The new de Young Museum, a smart, sexy, copper-clad edifice by Herzog & de Meuron, has international eyes on an institution that’s historically been more comfortable catering to its local community than to the global entity known as the “art world.” With the exception of conceptually-inflected new photos by Catherine Wagner, the opening exhibitions—an ancient Egypt crowd pleaser, Jasper Johns prints—weren’t designed to engender critical dialogue. It was the building itself, with its metallic façade and twisty, asymmetrical tower, that was thought-provoking. An opening weekend that featured a

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  • Ninety-Nine Percent Perspiration

    My faithful photographer and I arrive ridiculously early at the opening reception for the group exhibition “Both Ends Burning.” The show, at David Kordansky Gallery, is a reunion of sorts for four Los Angeles-based artists—Amy Bessone, Thomas Houseago, Matthew Monahan, and Lara Schnitger—who all met, circa 1994, at De Ateliers in Amsterdam. This is the first local gallery exhibition for them (though Schnitger appeared in “Thing” at the Hammer earlier this year), and anticipation runs high. Walking into the densely installed gallery, I immediately sense the show’s confrontational tone,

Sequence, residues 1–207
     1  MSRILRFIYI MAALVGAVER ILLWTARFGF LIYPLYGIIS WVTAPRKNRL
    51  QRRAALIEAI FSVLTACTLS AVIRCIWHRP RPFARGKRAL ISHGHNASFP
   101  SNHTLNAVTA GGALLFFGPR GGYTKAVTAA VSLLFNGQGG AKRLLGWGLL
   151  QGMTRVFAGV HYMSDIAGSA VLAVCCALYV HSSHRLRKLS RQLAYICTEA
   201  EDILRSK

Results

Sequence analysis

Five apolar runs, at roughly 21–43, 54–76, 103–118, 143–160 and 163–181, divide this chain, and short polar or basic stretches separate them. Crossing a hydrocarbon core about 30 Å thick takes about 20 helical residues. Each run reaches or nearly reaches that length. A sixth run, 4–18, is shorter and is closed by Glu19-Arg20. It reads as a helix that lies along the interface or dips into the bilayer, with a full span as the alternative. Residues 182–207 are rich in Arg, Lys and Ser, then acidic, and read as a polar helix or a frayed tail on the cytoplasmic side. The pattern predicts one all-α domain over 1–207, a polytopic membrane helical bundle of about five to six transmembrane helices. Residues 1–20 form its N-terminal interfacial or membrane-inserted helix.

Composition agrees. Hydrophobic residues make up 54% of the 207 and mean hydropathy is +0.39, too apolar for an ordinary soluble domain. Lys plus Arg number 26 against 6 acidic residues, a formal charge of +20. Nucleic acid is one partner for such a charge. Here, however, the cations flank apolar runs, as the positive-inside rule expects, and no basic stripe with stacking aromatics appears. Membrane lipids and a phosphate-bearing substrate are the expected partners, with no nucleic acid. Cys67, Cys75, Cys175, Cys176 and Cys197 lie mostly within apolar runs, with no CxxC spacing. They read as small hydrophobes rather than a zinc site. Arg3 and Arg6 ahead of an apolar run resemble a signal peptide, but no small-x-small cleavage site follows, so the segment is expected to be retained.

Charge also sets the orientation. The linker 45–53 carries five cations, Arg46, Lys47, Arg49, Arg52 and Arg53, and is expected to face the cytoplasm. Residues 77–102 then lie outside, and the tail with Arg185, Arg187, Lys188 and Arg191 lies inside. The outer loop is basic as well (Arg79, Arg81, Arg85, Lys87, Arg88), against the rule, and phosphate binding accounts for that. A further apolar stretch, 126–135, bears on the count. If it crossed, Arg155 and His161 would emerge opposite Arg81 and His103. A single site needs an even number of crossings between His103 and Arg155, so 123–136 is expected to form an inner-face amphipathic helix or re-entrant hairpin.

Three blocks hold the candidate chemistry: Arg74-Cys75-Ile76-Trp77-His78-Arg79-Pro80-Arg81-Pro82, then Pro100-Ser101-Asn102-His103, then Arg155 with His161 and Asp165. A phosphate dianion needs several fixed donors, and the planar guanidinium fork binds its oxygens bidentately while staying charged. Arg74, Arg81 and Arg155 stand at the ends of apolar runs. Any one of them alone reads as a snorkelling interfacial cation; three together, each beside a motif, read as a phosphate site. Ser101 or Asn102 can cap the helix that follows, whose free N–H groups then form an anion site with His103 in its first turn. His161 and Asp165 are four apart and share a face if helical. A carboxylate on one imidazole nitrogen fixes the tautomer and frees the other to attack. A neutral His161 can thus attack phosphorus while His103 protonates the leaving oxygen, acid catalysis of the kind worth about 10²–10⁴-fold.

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  • Bump and Grind

    Slumped on a bench behind the check-in desk at the Whitney Museum of American Art, 2004 Bucksbaum Award winner Raymond Pettibon and his small-but-perfectly-formed entourage appeared to be less than fully engaged by the Tuesday evening reception. And despite the $100,000 paycheck and solo show attached to the still fairly new biannual prize (currently the largest of its kind), it was an oddly subdued affair. The select gathering of perhaps fifty people included museum director Adam Weinberg, curators Chrissie Iles and Shamim M. Momin, trustee and award funder Melva Bucksbaum, and dealers Shaun

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  • Murk of the Penguin

    It goes without saying that one must suffer for one’s art, but some of us prefer to suffer for other people’s art. And so it was that on Friday night a few hundred hardy, masochistic souls, myself among them, showed up in a downpour at Central Park’s (roofless) Wollman Rink, where a sequence for Pierre Huyghe’s film A Journey That Wasn’t was being shot. The film, which will debut at the 2006 Whitney Biennial (it’s not just for Americans anymore!), centers around a trip that Huyghe and some fellow artists took to Antarctica earlier this year. Having heard stories that the changes wrought by global

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  • Judd Club